• Andrographis is also called "King of Bitters." It is traditionally used in India, China, and Southeast Asia.
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    Try Echinacea. Echinacea stimulates a range of immune cell functions, and has been shown to shorten colds by an average of 1.4 days. Take 3 to 5 ml of liquid extract or capsules three times a day for up to two weeks.[19] Stop use immediately if you experience shortness of breath, rashes, or other allergic symptoms. If you have allergies to plants in the daisy family, speak to your doctor before you experiment with Echinacea.[20]
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    Use asian ginseng. Taking 100 mg of a standardized extract twice a day may improve your immune function. Asian ginseng may also help heart disease and blood pressure, but should not be used in combination with prescription medicines for those conditions. Consult your doctor before you take asian ginseng.[21]

Method 3
Preparing Herbal Medicine

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    Make herbal tinctures. A tincture is a liquid concentration of a medicinal herb. It works like vanilla extract, drawing out and preserving the qualities of dry plant matter. To make a tincture, get a clean glass jar, vodka or apple cider vinegar, and the dried herb you wish to extract. Fill the jar half full of the dried herb. Pour a few teaspoons of boiling water on the herbs to open them up.[22]
    • Fill the rest of the jar with apple cider vinegar or vodka, and stir.
    • If using vodka, store in a cool and dry place for anywhere from three weeks to six months. Shake daily. Strain through a cheesecloth and store the tincture in dropper bottles.[23]
    • If using apple cider, store in the fridge. Discard after 6 months, or sooner if it starts to smell or mold.[24]
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    Brew a tea. The healing qualities of herbs such as peppermint leaf, lemon balm, burdock root, ginger, and aloe vera can be extracted by boiling. Boil a cup of water on the stove. Add 2 to 4 teaspoons of your herb of choice and steep for 5 to 15 minutes. Remove the pan from the heat and let it cool, then strain out the plant matter. Drink the tea, or apply to your skin throughout your day.[25][26]
    • Make sure the herb you want is safe and effective when boiled. Some herbs, such as tea tree oil, can be harmful if drunk as a tea.[27]
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    Mix an essential oil with a carrier oil for topical treatments. Purchase an essential oil, or make a tincture. Pick a neutral oil, such as coconut or vegetable oil. Mix 3-6 drops of essential oil into an ounce of carrier oil. Use your fingers or a swab to apply your medicine to your skin.[28]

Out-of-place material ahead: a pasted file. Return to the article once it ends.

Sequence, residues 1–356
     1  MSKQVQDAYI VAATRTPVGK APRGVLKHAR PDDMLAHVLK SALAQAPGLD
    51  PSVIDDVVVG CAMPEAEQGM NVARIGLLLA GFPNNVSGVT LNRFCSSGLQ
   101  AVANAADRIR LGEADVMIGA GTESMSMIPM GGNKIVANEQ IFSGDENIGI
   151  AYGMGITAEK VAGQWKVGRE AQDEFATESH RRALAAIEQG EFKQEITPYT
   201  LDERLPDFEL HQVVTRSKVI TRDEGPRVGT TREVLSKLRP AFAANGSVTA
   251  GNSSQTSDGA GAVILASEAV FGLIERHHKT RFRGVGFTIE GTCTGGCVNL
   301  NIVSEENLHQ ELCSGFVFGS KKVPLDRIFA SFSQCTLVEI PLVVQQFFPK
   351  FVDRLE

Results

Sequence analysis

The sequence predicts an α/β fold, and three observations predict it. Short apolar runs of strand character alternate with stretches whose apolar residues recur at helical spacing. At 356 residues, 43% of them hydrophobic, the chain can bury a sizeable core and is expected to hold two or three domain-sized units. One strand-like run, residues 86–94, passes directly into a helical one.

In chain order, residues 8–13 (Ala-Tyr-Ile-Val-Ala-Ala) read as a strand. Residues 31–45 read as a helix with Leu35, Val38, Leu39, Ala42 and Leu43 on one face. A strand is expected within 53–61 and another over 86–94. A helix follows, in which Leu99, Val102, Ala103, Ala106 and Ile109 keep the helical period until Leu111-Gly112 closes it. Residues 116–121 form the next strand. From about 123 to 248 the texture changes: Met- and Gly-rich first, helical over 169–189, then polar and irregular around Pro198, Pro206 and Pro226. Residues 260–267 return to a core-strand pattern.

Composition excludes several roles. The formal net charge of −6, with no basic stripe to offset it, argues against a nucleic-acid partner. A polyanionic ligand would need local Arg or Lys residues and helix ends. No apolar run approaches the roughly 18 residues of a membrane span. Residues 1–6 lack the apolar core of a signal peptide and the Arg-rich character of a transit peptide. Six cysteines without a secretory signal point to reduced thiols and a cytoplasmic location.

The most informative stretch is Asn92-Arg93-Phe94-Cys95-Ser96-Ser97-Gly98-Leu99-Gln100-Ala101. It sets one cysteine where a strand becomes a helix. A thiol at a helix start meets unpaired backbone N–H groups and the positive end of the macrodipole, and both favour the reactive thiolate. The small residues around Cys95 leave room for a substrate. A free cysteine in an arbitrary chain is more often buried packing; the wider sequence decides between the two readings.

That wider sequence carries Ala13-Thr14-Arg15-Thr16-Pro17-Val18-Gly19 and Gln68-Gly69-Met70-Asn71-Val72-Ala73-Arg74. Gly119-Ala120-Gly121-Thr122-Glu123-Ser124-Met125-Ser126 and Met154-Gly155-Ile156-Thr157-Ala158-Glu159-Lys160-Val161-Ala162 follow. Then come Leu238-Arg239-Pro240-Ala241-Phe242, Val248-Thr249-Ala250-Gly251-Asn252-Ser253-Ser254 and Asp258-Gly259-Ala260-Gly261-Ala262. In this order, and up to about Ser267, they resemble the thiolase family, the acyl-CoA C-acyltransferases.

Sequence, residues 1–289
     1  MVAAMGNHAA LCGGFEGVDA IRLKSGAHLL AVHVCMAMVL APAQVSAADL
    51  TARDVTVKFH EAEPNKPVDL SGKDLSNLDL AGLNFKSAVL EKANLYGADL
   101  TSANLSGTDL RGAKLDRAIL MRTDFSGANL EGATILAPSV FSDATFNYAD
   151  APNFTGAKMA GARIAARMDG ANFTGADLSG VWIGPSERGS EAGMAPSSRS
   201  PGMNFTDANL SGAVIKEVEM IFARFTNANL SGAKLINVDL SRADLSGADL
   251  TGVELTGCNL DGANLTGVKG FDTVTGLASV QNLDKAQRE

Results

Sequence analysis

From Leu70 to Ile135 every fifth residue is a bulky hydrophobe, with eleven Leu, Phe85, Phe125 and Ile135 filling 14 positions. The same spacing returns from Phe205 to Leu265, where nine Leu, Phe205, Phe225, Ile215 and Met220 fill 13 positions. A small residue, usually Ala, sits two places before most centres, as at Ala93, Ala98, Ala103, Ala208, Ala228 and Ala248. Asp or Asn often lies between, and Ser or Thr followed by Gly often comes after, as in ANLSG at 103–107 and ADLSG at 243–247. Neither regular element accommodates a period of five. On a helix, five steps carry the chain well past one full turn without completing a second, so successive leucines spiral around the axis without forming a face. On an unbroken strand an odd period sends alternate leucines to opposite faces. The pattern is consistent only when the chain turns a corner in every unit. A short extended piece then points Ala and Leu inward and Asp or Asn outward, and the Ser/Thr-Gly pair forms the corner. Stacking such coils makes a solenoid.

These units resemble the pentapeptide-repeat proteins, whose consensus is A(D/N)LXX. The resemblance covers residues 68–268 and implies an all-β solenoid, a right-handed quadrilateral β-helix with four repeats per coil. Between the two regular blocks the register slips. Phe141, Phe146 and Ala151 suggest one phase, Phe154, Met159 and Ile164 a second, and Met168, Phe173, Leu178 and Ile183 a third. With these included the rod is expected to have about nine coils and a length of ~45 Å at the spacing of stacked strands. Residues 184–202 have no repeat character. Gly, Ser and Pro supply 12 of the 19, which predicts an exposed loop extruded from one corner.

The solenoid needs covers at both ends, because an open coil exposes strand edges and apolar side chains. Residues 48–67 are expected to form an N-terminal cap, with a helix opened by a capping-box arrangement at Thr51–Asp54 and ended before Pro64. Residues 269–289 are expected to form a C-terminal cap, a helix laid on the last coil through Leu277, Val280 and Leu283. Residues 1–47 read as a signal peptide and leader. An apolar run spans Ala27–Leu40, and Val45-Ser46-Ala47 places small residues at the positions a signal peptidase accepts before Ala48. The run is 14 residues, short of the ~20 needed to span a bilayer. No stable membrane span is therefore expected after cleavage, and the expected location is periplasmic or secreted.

• Make sure you use a swab to apply medicine to viral skin conditions, such as cold sores, so that you don't spread them further on your skin.
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    Grow your own medicinal herbs. Many medicinal herbs, such as parsley, lemon balm, Echinacea, and peppermint, area easy to grow. Do a little research into what the climate and microclimate of your house can support: drier earth might take well to lavender, lemon balm, hyssop, and thyme, while wetter spots can support angelica, self-heal, peppermint, and skullcap. Herbs such as black cohosh and bloodroot can grow in the shade. Though herbs will grow best in soil enriched with compost and mulch, they can often struggle through poorer quality soils than other plants.[29]
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    Cook with herbs. Herbs, roots, and vegetables will account for most of the micronutrients you need. Whole grains and meat account for the rest. Cook a traditional chicken soup for its anti-inflammatory qualities: use chicken, ginger, garlic, onion, carrots, celery and parsley.[30]
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    Buy standardized supplements. Your safest bet is to purchase prepared herbal medicine. Doses can vary widely depending on the growing conditions and preparation of an herb, and though not all companies are reliable, they are at least experienced.[31]
    • You can buy herbal medicine at health food stores, at some supermarkets, online, or from herbalists.
    • Herbal medicines don't always look like medicine. Though many herbs are sold in pill form, you might find useful supplements in an oil, a lip balm, a cream, or a tea.
    • Get a prescription from an herbalist, a doctor who practices Traditional Chinese Medicine, or even a regular doctor or pharmacist to determine appropriate doses.


  • Before taking a traditional remedy, speak to an herbalist.
  • Visit a doctor from the country the herbs come from to check dosage.
  • Always talk to a doctor or pharmacist before you start taking regular doses of an herbal medicine.
  • If you take other medications, check with your doctor before you start supplementing with herbal remedies.

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Categories: Herbal Health | Taking Pills and Medicine